# Can someone please explain $e$ in layman's term? [duplicate]

I never really understood what $e$ means and I'm always terrified when I see it in equations. What is it? Can somebody dumb it down for me? I know it's a constant. Is it as simple as that?

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## marked as duplicate by MJD, Start wearing purple, Amzoti, Douglas S. Stones, Santosh LinkhaMay 14 '13 at 17:08

Are you familiar with calculus? –  Dan Rust May 14 '13 at 16:19
To scare you a bit more: it's (probably) the most important constant in all of mathematics. To perhaps scare you a bit less: take any calculator and try $1.01^{100}$, $1.001^{1000}$, and so on, and see what answer you start approximating. –  snarski May 14 '13 at 16:19
This thread may help a bit: math.stackexchange.com/questions/387746/… –  Jared May 14 '13 at 16:21
If you just see something like $x = e + 1$, then just remember that $e$ approximately equals $2.718$. So under these premises, $x$ approximately equals $3.718$. If you see something more like $y = e^x + 1$, then that requires a bit more explanation. –  goblin May 14 '13 at 16:21
I would say you should be more interested in the function $e^x$ than the constant $e$... –  Guess who it is. May 14 '13 at 16:32

The simplest way to understand it is, consider the following equation:

$$f(x)=(1+\frac{1}{x})^x$$

As $x$ gets larger and larger, notice what number it gets closer to:

$$f(1)=2$$ $$f(2)=2.25$$ $$f(3)\approx 2.37073$$ $$...$$ $$f(1000)\approx 2.7169$$ $$...$$

It is important in mathematics because it is arguably the single real number most commonly found in nature (from heat flow to battery discharge to population growth/decay models), which is why its inverse is called the natural logarithm.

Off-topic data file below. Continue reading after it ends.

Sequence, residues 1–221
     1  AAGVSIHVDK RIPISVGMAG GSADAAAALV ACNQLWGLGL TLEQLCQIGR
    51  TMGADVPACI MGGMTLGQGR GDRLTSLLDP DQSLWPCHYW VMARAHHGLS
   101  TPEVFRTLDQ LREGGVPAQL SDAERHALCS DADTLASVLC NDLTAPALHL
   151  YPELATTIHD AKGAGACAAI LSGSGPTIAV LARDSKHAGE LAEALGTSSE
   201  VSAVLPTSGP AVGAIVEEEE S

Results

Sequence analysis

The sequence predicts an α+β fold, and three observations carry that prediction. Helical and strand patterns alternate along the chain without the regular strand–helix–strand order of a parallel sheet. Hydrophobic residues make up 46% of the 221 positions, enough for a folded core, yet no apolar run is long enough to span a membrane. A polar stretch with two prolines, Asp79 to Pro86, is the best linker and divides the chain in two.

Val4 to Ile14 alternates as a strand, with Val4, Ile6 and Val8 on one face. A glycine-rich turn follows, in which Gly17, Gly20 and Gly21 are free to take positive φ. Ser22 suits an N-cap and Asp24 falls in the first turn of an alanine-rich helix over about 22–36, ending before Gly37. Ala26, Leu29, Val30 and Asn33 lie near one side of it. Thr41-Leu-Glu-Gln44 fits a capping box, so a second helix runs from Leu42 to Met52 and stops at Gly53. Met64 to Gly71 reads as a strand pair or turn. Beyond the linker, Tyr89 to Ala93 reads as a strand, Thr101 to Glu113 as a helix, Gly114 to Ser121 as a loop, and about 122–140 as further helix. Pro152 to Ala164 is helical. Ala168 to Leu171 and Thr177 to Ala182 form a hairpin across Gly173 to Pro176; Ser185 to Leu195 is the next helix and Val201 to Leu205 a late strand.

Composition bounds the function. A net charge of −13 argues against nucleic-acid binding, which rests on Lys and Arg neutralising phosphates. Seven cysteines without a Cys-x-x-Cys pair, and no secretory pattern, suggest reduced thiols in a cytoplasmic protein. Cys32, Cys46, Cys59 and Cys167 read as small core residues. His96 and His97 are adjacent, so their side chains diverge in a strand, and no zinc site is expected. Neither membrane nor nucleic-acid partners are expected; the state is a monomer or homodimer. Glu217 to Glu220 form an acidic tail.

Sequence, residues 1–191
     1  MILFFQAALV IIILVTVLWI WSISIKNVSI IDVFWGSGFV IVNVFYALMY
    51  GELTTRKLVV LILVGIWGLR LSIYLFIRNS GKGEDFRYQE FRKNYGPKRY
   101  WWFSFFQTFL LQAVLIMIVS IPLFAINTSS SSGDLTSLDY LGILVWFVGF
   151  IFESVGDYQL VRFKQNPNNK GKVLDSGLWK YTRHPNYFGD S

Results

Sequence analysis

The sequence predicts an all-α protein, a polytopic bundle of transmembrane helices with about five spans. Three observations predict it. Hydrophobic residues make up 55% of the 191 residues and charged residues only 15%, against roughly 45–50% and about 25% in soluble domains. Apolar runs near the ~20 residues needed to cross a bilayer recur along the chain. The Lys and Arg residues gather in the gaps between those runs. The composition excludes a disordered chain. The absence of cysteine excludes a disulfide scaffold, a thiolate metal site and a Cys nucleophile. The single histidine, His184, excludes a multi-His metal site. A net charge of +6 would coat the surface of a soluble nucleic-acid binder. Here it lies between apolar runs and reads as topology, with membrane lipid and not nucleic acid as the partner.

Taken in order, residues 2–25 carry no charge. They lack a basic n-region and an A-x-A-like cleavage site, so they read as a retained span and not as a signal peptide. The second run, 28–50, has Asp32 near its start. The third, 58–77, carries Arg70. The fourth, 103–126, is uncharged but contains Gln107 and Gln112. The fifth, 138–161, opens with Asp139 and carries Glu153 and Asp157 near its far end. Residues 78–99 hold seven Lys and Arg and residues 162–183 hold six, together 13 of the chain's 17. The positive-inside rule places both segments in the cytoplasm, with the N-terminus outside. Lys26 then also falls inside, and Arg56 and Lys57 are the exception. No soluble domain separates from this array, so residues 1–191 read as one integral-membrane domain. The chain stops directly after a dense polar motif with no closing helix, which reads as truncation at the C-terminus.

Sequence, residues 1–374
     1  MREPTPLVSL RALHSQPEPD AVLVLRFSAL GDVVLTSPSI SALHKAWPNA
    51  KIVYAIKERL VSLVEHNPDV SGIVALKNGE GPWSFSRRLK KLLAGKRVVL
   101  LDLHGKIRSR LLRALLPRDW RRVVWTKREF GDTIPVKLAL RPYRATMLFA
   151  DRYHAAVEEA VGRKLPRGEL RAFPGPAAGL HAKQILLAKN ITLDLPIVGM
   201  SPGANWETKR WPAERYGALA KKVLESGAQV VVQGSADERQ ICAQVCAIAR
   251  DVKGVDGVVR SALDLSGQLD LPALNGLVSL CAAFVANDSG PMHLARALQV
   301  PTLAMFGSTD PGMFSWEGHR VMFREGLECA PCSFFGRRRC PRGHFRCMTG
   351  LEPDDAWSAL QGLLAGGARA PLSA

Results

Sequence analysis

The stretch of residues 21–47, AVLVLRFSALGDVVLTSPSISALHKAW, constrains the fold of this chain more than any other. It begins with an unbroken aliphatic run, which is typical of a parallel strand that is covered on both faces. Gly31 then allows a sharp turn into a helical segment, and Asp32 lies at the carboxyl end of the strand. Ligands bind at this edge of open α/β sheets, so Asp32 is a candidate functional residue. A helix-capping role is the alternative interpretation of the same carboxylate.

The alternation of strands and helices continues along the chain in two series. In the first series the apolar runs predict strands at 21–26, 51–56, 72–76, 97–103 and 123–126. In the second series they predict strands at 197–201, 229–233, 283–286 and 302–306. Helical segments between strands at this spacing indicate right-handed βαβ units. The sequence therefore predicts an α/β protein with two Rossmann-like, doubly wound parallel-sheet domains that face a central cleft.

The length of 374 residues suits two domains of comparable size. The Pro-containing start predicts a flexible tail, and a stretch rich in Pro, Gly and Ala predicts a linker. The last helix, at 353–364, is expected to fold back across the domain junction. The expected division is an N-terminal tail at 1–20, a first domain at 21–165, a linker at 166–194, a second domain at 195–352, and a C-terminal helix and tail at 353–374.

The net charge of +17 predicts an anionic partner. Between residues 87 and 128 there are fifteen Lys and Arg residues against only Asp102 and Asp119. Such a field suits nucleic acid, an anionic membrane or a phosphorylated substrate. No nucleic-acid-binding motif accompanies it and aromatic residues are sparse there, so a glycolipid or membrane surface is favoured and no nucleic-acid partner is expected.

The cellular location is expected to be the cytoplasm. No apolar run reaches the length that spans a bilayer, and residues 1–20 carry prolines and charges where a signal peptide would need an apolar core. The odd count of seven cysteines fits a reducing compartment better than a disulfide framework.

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Hmmm, blatant self-plagiarism.... math.stackexchange.com/a/387755/29059 –  Dan Rust May 14 '13 at 16:41
@DanielRust does such a thing even exist? I have the permission from the original poster, after all. –  Ataraxia May 14 '13 at 16:47
@DanielRust Just for the record, I've seen others do so as well... I, personally, don't see a problem with it until one is pointed out. –  apnorton May 14 '13 at 16:50
It is best to cite where you copied from, even if you are the author of the copied content. –  robjohn May 14 '13 at 17:17
Self-plagiarism sounds pretty self-contradictory. –  Gannicus May 15 '13 at 7:25

Euler's Number, $e\approx2.718281828$, is a special constant in calculus because of several important properties it holds.

First, $y=e^{x}$ (also written as $y=\exp(x)$ due to the exponential growth of the function) and constant multiples thereof is the only function for which:

$$\frac{dy}{dx}=y$$

Which means in simple language that the gradient of the curve at a point is proportional to the value of the curve at that point. For instance, at the point $(1,e)$, the gradient of the tangent (shown as blue in the graph below) to the curve $y=e^{x}$ (shown in red) is $e$.

A proof that $y=C\exp(x)$ is the only real function for which this rule applies can be found here.